Can You Homeschool a Child with Autism?

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Homeschooling the Child with Autism: Answers to the Top Questions Parents and Professionals Ask

In some ways I was fortunate. We received the diagnosis that my son has Asperger’s Syndrome, a high-functioning form of Autism, after we had already been homeschooling for two years. Therefore, I never had to wonder if I could homeschool a child on the autism spectrum – I was already doing it! A diagnosis merely gave me more understanding and tools to work with.

For those considering homeschooling a child with autism for the first time, however, I can certainly understand how the thought of taking on such a challenge could be intimidating. Making the decision to take the path less traveled and homeschool a “normal” child can be scary in and of itself. Homeschooling a child with special needs definitely adds some complications, but it unquestionably can be done, and in many cases, may be the best parenting decision you make for your child.

Homeschooling the Child with Autism: Answers to the Top Questions Parents and Professionals Ask is a very helpful book for anyone considering traveling down this road. Written by Patricia Schetter and Kandis Lighthall, two teachers with Master’s degrees and expertise in special needs, explore the positives and negatives associated with this decision (the positives vastly outweigh the negatives).  A general discussion of homeschooling is included, as well as an exploration of different teaching strategies, transitioning back into a traditional school environment or into college and preparing for life after school. They also offer suggestions for dealing with executive functioning difficulties and managing meltdowns. They also interviewed several parents who are homeschooling children on the spectrum.  Schetter and Lighthall write:

Autism impacts a child’s ability to think and learn in a typical way. A host of challenges present themselves in a traditional school program, including sensory, social and communications challenges, along with struggles accessing the necessary academic accommodations. . . Families indicate that homeschooling decreases the external stressors the child is exposed to in traditional school settings, and it relieves much of the anxiety . . .Homeschooling allows parents to directly address the core deficits of communication, social skills, social understanding, and organizational thinking, while providing functional academics that are real-world and experientially based.

Those who do choose to homeschool will most likely need outside help of some type – whether that be behavioral counseling, speech therapy, physical therapy and/or other needed assistance. Every child is different and the needs are different. It is possible to get the help needed and to incorporate it into one’s homeschool life. My own son has been receiving behavioral counseling for over two years and it has made a tremendous difference in his behavior and ability to function in the world.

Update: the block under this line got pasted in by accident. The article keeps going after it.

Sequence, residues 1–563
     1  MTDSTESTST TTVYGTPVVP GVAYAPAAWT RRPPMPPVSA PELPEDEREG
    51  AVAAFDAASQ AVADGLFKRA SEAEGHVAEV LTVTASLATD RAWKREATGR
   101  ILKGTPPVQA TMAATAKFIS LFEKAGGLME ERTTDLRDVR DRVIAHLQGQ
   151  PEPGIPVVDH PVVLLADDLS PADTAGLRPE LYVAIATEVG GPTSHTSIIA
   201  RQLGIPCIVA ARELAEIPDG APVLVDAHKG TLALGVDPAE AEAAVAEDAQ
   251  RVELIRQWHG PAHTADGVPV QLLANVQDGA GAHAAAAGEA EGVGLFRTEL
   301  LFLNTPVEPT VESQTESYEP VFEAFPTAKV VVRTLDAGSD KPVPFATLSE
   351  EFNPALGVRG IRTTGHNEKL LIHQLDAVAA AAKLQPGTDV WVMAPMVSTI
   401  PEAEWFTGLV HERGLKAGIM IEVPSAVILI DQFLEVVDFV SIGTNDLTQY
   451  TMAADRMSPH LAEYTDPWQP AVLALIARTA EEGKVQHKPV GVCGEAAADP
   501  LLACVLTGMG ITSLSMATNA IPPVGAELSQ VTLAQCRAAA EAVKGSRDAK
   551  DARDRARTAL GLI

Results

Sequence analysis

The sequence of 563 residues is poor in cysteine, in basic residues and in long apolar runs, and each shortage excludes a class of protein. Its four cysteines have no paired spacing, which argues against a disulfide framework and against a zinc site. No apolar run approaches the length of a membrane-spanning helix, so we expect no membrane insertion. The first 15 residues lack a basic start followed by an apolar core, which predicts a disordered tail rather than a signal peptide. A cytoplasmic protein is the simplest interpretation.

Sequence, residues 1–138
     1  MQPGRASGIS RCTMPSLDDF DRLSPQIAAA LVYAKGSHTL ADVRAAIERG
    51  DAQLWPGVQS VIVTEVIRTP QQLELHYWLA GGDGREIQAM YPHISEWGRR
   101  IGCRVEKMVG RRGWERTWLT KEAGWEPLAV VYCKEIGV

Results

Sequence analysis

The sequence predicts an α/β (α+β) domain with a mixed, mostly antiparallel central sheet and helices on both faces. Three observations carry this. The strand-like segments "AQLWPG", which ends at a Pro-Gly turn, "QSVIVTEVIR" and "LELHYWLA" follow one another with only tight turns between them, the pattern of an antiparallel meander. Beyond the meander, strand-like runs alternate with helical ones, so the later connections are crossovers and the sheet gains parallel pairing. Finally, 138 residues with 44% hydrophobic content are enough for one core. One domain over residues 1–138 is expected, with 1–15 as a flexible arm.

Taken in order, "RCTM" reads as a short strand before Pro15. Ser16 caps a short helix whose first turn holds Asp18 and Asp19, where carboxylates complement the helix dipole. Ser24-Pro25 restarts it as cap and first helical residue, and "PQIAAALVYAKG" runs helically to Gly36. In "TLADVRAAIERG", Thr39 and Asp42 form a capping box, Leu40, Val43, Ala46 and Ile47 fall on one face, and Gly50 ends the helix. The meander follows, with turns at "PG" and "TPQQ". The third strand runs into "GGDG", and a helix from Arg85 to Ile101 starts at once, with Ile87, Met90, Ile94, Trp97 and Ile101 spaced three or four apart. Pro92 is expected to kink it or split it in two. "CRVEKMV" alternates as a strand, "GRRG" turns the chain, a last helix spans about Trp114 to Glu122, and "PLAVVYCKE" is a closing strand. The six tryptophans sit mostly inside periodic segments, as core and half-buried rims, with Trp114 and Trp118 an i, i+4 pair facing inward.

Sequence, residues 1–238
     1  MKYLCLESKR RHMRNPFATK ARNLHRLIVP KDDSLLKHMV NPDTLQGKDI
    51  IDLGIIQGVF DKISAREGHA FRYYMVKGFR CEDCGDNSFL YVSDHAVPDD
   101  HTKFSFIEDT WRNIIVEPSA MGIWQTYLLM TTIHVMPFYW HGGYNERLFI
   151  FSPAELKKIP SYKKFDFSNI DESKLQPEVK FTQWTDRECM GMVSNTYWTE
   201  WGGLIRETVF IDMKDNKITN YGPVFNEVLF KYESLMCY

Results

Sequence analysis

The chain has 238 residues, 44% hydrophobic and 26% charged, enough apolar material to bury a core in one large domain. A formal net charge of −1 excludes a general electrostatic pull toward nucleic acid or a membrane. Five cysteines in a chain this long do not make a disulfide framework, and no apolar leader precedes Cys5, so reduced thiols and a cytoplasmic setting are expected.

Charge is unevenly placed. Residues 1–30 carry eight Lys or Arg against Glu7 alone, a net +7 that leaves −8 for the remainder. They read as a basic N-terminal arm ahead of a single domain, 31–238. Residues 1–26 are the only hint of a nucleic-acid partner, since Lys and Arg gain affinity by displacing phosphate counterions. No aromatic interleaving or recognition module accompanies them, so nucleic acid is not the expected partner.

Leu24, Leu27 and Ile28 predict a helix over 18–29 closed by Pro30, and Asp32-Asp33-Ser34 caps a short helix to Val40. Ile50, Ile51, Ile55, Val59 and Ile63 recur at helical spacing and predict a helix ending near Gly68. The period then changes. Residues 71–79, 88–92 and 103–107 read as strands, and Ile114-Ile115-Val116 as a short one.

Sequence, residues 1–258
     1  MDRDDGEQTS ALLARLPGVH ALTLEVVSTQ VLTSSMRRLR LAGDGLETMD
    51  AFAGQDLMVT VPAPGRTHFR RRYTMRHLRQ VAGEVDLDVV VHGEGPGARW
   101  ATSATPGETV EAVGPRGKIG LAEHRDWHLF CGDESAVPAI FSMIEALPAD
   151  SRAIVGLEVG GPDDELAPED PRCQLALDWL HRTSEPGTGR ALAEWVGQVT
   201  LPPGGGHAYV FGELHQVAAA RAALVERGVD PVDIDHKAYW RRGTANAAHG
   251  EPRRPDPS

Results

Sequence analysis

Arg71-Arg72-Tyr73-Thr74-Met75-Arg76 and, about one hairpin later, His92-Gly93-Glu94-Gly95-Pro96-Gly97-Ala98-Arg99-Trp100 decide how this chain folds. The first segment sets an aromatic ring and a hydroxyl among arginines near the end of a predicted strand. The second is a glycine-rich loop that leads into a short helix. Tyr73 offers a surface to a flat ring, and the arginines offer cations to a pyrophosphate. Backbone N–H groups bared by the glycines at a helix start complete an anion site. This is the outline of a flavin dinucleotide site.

It is also possible to arrange for appropriate social interactions – whether these be with other homeschoolers, who are usually very tolerant of children who are different in some way, classes at a library or community center, or other extra-curricular activities. Of course, there are also the very important social interactions that take place within a family, especially if there are siblings and grandparents involved.

An educational program can also be devised that meets the particular strengths and weaknesses of the child involved. Those on the higher end of the Autism spectrum may need only minor modifications to a traditional academic program, while those who suffer with more advanced communication challenges may need to focus on practical life skills. The beauty of homeschooling is that there are an infinite number of options as to how an academic program and schedule is constructed. It can truly meet the needs of the child.
Deciding to homeschool a child on the autism spectrum can be a difficult decision to make, and it isn’t for everyone. But, if it is something you are considering, it definitely can be done and done with remarkable success!

Copyright 2012 Patrice Fagnant-MacArthur

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5 Comments

  1. Thanks for the info! I recently quit my teaching job to homeschool my own kids and took with me one of my students that was diagnosed with Aspergers. His counselor had highly recommended homeschooling.

    We just finished our first year, and I can’t begin to list the wonderful benefits this year brought him and the peace it brought to his mom. I now have a “waiting” list of others like him. It’s so sad that there isn’t something out there for these kids that just think differently.

  2. Amy Jenkins on

    I am living proof that you can homeschool a child with Autism. I have a son who is now 11 that I have homeschooled for 4 years now. It is possible, and it is more adaptable than what you think.

  3. I have autistic twins age 10 that have been in autistic support classrooms since pre kindergarten. Recently, our school district has taken an initiative to put technology in everyone’s hands. Each kid now has an iPad. The problem now is my twins don’t want to play with anything else. The iPads are such high reinforcers and they don’t seem to loose their appeal. Though they can be great learning tools, my children are becoming more isolated. With much prayer, I am in the discerning process of homeschooling my kids. Anyone out there provide some insight.

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